In my previous newsletter article, I wrote of the importance of intersections in our everyday living. As we continue celebrating the intersection of heaven and earth – divinity and humanity – in the person of Jesus Christ, we remember that frequently at intersections, we are made to slow down, proceed with care, or stop altogether. Though for many, stopping at intersections means quickly checking their cell phones (I admit my guilt), it ought to be a time to check our surroundings, taking note of any changes that need to be made as we continue our journey. Recently, the road signs telling me to “Stop” have been more blaring than usual. As we move deeper into the winter months, the lack of color on the landscape makes the red on the “Stop” signs or the red traffic lights more pronounced. Or, maybe their pronouncement is more reflective of my own spiritual condition that the monotonous grayscale in which we love during the Midwestern winter months.
As I write this reflection, I am preparing to take my 30-day Sabbath time for rest and renewal. By the time you read this article, I will already be away. For some time now, the red Stop sign in my soul has become more pronounced, and now, I must heed its warning. I am grateful to have this opportunity to pause, take stock of my spiritual surroundings, and alter my spiritual course so that the journey may be all the more fruitful. We see this necessity articulated in the Bible. Taking time to rest is not an option for God’s people. God commands it. The fourth of the Ten Commandments stipulates, “Remember the Sabbath day and keep it holy.” Many of us are familiar with that commandment, having memorized it from our youth. Many, however, may not realize the Biblical text goes elaborates the command. It goes on to say, “Six days you shall labor and do all your work, but the seventh day is a Sabbath of the Lord your God; you shall not do any work – you, your son or daughter, your male or female slave, or your cattle, or the stranger who is within your settlements. For in six days the Lord made heaven and earth and sea, and all that is in them, and God rested on the seventh day; therefore the Lord blessed the Sabbath day and hallowed it. (Exodus 20:9-11)” Yes, God makes time for rest in God’s life, so it is no wonder God commands us to do likewise.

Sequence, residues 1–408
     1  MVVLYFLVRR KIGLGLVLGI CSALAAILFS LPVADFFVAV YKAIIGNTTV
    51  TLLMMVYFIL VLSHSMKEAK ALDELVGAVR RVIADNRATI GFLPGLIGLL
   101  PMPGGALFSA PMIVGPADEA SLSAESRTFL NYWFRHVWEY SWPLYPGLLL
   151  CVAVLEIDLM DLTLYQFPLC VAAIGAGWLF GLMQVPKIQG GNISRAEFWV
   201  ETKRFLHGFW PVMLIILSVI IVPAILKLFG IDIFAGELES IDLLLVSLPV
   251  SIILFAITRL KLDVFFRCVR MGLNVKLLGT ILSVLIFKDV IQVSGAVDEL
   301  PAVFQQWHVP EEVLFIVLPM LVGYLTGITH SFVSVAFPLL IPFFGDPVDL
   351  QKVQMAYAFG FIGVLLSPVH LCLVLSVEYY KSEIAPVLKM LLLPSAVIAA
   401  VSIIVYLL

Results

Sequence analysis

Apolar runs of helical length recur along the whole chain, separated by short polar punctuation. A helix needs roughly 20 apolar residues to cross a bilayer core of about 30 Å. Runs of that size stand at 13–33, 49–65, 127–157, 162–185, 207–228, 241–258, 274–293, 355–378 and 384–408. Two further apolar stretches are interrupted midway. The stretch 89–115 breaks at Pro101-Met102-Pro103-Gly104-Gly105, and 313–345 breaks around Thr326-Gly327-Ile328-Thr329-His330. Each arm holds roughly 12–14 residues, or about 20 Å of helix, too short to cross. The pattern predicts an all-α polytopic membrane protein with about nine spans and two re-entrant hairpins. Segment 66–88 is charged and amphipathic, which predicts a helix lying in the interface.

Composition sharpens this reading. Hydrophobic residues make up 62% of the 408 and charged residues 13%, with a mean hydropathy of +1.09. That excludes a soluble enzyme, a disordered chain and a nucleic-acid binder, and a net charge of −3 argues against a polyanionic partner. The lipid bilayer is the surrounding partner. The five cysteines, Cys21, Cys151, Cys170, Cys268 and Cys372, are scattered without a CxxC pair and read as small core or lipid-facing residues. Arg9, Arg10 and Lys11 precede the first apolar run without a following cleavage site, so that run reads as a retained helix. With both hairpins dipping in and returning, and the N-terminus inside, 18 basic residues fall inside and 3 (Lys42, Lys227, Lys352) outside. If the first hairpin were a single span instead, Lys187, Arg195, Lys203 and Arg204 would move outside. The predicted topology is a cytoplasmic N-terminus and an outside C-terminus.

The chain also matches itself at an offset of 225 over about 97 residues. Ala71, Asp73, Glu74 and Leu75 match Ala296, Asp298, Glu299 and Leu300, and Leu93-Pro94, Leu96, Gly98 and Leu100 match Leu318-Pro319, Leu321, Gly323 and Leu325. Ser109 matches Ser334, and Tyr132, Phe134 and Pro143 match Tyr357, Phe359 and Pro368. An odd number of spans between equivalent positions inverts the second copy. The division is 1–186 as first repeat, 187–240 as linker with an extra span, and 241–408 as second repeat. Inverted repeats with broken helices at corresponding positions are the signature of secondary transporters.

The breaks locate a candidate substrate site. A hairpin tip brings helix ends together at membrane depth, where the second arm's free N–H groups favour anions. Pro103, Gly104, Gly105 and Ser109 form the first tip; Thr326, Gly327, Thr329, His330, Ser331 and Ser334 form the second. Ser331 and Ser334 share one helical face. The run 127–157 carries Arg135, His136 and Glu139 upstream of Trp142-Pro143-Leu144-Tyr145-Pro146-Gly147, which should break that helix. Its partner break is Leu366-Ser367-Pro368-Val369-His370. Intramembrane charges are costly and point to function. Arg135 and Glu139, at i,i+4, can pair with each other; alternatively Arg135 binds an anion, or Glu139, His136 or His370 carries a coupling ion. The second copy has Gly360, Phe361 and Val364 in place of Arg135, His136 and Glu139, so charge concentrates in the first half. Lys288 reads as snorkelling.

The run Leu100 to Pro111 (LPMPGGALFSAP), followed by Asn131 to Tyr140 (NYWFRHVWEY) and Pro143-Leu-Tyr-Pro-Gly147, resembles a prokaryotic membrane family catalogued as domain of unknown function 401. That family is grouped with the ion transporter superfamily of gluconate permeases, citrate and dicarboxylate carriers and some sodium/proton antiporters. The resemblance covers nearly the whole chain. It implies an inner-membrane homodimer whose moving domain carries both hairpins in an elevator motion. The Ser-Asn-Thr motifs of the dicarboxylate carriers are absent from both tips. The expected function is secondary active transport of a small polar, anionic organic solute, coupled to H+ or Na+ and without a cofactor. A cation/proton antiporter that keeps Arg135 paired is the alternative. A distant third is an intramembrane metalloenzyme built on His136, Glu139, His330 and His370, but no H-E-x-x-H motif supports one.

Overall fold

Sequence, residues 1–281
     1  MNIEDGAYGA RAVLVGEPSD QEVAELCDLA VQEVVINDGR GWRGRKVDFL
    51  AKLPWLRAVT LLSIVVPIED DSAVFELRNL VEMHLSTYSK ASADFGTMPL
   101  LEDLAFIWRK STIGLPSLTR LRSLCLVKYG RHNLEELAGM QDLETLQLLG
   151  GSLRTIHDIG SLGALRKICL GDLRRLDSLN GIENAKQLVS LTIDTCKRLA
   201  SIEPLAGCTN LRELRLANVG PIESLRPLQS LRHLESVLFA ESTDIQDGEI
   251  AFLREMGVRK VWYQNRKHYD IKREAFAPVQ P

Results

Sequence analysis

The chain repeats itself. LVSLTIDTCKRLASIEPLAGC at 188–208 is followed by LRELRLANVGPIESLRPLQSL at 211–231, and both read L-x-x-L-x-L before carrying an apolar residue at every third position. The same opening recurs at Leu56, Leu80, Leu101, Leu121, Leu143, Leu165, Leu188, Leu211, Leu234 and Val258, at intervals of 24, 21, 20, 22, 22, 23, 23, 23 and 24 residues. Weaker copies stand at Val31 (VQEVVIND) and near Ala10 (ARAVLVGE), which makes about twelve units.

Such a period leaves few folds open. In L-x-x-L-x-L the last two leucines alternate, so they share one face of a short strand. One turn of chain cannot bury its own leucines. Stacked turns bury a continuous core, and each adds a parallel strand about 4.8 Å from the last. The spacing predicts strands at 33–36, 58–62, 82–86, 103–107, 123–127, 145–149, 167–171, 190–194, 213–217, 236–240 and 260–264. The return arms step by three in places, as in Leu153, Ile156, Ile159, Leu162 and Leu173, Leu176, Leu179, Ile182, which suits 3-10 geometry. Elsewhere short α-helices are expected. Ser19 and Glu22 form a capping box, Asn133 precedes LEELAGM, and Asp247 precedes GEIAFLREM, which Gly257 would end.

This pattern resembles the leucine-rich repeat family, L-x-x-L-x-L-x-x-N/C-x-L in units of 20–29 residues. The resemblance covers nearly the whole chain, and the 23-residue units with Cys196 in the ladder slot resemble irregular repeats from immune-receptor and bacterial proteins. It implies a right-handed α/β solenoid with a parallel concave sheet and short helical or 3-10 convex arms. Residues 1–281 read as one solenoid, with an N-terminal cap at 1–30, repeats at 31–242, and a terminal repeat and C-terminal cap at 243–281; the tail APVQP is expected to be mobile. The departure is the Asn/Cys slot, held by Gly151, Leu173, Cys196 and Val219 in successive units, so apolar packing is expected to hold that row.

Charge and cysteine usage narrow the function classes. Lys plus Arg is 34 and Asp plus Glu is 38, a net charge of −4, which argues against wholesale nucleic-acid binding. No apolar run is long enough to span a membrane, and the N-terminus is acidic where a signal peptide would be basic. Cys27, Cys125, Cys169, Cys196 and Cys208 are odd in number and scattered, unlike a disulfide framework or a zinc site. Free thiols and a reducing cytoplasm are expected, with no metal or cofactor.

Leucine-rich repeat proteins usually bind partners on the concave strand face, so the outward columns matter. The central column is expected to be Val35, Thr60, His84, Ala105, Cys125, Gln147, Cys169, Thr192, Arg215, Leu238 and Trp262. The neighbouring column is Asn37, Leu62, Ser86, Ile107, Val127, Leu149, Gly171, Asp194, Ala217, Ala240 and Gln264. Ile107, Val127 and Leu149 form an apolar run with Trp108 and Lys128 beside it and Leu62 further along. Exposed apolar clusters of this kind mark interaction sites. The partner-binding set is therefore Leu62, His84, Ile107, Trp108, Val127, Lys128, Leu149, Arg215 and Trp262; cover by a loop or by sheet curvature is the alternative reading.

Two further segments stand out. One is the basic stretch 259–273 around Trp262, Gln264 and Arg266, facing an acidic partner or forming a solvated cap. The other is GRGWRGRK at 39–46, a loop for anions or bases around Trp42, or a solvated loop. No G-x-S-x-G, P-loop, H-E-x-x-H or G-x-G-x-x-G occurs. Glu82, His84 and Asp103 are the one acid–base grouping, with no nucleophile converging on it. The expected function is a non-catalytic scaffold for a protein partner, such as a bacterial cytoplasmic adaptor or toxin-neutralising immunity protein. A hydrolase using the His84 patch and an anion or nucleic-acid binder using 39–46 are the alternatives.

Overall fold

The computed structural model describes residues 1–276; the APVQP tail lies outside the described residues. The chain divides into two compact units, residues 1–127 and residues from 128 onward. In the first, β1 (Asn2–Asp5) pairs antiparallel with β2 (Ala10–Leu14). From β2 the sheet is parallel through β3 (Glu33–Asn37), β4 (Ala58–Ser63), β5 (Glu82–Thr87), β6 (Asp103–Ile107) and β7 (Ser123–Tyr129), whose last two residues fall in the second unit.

Neglecting rest proves detrimental to our well-being. That is why the idea of Sabbath encompasses so much more than a 24-hour period in a given week. Sabbath rest marks a way of life. Each day ought to involve Sabbath – a time set apart for leisure and self-care. It expands into our weeks, months, and years. Each of these opportunities is a gift from God. The Talmud, which is a Jewish commentary on Torah in the form of dialogue, has the Holy One saying to Moses, “I have given you a goodly gift, and it’s name is the Sabbath.”
Yet is a goodly gift we so rarely receive. It is no surprise given that we live in a world that celebrates productivity and lauds busyness. I suggest we go so far as to idolize them. While there is a satisfaction in being productive
and working hard, neglecting the time to rest continues to have negative effects on our society. We are overworked, overstressed, and struggling with burnout at an alarming rate. The vocation of ministry is no exception. Studies show that 60% of pastors will burnout and leave ministry altogether. Sadly, this includes a number of my friends with whom I went to seminary and was in Residency of Ministry. Although these statistics seem grim, it doesn’t have to be this way. The constant pressure to over-perform is being rejected without sacrificing the value of hard work. Resources for rest and self-care are growing in popularity. It is my hope and prayer our collective society will continue to awaken to receiving the goodly gift of Sabbath.
How about your life? How do you experience Sabbath in your life? There is no right or wrong way to practice Sabbath. But it does take effort, for saying “No” to the pressures demanding our round the clock energy will always take effort. Turning off the computer or cell phone is easier said than done. However, when we make room for Sabbath, we are also making room for God to move. Placing distractions and mental clutter off to the side brings the holiness and beauty of life into sharper focus.
Therefore, as I continue my own Sabbath, I encourage you to receive this goodly gift in your lives whatever that may look like. I am confident the Holy Spirit will show you how best to receive it for yourself. The Spirit always does.
I’ll see you soon. Ash Wednesday will be here quickly.
Sincerely, in Christ
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